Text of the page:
Daniel Goh: NCMP Is Form Of National Service, A Privilege

I was first notified of the NCMP motion passing when a good friend texted me, while I was washing dishes after dinner, “congratulations duckweed Goh!” I had a good laugh, though this is serious business through and through. Thank you all for the messages since, sorry I have not been able to reply (been busy whole night Skyp-ing with an academic conference happening in Ottawa). There are some of you who would like me to take up the NCMP seat, and then some of you who don’t want me to, on principle and in response to what you see as ugly ruling party behaviour (vector lah, don’t take it to heart). I’ll be doing the former and this is my main reason for the decision.

Mr Low is right: NCMPs are essentially duckweeds. He is using a Chinese flower metaphor in a very natural way, the significance and nuances of which many of us, Anglophones, don’t understand. Very crudely, it means NCMPs are like pretty flowers that sink no roots, floating about and contradicting the values of harmony and community. Objectively, this is true in the long run, and I am with the WP MPs and the party opposing the NCMP scheme. But for me, personally, at this point in my life, and as I see it, at this point in Singapore’s history, the principle of national service trumps the political principle of opposing the NCMP scheme. If my country sees fit that I contribute as duckweed, then it is my honour to be duckweed Goh. It is no insult; it is a privilege.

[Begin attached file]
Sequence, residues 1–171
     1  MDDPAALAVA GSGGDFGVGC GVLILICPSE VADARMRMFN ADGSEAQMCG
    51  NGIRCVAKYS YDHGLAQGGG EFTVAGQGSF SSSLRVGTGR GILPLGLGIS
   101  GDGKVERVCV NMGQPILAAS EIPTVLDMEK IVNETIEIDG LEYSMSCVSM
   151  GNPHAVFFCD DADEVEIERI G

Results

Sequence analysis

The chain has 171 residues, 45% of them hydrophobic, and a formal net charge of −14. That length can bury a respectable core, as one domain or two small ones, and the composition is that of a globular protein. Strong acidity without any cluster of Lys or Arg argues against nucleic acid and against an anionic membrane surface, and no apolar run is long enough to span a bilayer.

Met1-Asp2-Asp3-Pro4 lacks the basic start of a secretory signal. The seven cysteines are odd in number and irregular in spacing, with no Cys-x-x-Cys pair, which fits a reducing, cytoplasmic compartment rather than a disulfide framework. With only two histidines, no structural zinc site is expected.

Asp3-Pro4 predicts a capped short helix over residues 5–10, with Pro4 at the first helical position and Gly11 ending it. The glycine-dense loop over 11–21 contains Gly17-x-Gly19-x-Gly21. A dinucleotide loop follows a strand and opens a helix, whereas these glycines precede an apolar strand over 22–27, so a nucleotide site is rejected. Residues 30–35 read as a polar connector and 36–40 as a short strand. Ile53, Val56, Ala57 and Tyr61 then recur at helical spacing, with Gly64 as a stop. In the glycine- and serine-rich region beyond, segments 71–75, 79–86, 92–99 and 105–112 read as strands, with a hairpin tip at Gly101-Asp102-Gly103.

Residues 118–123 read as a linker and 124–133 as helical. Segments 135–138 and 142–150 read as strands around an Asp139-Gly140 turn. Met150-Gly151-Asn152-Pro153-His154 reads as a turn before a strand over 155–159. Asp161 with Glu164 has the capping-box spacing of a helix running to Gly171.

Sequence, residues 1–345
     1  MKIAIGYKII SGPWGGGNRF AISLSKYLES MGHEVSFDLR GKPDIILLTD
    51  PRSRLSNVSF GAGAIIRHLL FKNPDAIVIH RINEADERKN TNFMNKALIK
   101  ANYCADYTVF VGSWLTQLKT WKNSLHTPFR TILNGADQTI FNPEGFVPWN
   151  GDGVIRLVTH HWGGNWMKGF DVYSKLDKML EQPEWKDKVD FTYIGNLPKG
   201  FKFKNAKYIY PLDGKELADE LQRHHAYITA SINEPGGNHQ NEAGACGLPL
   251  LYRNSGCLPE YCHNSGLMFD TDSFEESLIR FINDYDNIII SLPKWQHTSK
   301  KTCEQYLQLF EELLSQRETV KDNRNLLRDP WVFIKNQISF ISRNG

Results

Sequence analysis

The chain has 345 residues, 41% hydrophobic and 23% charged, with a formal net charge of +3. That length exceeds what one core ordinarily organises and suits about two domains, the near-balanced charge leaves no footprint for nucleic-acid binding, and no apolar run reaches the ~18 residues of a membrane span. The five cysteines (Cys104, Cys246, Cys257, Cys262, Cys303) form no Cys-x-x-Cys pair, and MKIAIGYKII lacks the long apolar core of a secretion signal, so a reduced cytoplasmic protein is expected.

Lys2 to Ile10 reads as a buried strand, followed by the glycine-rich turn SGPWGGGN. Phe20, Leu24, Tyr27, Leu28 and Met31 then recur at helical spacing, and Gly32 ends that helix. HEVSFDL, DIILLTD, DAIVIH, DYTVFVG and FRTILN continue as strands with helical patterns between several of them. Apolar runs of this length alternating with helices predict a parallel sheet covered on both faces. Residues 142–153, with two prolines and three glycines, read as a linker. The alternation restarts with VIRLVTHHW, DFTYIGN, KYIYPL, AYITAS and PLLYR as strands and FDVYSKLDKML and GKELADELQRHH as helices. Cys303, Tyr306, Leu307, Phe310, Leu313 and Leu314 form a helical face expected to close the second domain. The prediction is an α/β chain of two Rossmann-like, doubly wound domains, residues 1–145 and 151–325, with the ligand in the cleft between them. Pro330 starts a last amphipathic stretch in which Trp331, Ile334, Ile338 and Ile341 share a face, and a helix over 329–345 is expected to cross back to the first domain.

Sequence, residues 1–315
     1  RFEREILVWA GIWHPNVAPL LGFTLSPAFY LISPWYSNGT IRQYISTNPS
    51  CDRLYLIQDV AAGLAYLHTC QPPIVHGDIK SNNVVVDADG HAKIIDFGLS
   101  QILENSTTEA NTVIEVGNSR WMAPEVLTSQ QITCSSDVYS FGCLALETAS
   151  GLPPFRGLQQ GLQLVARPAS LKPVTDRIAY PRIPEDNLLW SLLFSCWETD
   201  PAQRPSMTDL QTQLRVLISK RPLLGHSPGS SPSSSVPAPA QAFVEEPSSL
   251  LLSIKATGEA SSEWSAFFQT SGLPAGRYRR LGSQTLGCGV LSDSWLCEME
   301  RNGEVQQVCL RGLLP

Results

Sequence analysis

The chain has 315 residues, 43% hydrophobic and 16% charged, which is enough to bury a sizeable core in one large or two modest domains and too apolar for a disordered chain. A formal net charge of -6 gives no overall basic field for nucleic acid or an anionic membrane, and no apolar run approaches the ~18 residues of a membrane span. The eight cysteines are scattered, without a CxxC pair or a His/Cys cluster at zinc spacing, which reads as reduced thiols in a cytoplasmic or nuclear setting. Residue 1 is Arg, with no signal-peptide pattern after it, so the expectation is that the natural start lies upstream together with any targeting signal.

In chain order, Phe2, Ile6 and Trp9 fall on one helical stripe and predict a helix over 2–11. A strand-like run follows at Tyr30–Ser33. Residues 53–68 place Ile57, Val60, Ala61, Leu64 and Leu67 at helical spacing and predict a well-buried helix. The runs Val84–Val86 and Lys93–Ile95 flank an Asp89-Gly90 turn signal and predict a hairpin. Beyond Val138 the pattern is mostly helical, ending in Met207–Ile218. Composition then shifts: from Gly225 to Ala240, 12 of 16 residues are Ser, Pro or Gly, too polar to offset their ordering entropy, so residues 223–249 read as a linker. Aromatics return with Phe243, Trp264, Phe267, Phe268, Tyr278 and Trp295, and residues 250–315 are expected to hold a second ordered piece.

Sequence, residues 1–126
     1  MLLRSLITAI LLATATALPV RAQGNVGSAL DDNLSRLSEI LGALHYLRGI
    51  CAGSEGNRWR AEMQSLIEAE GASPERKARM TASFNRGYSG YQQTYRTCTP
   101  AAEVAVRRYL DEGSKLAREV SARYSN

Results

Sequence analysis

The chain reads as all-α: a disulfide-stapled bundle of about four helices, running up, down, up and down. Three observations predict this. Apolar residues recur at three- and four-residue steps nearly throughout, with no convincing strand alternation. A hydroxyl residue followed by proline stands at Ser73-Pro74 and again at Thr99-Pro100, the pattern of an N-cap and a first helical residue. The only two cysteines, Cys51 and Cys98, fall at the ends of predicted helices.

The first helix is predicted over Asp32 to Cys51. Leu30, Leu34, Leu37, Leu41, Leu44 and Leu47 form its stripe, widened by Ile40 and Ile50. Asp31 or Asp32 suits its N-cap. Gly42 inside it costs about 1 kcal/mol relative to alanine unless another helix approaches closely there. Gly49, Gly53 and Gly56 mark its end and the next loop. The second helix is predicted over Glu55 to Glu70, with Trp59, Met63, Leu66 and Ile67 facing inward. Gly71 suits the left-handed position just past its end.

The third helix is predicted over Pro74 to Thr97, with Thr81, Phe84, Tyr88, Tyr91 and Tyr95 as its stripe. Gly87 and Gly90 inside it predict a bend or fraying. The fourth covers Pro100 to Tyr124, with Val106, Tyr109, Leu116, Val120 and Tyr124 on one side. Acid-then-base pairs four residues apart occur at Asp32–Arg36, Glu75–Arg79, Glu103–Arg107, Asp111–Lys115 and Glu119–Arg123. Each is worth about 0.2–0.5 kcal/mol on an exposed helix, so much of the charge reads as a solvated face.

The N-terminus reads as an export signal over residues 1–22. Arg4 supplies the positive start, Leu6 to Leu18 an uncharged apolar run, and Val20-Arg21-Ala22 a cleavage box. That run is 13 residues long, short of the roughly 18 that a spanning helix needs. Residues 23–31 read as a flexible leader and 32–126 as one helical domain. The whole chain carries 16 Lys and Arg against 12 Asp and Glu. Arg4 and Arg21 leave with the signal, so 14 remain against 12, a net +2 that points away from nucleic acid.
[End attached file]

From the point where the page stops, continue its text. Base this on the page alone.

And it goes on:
In any case, as a good man emailed me to tell me, for Anglophones such as us, duckweeds are not altogether negative, as they are seen as resilient and prolific plants valued as livestock feed, for water purification and for alternative biofuel. That is, to feed, to clarify and to drive the greater good in our shared commons. And so I hope and will strive, wish me Godspeed.


Source: Daniel Goh 吴佩松

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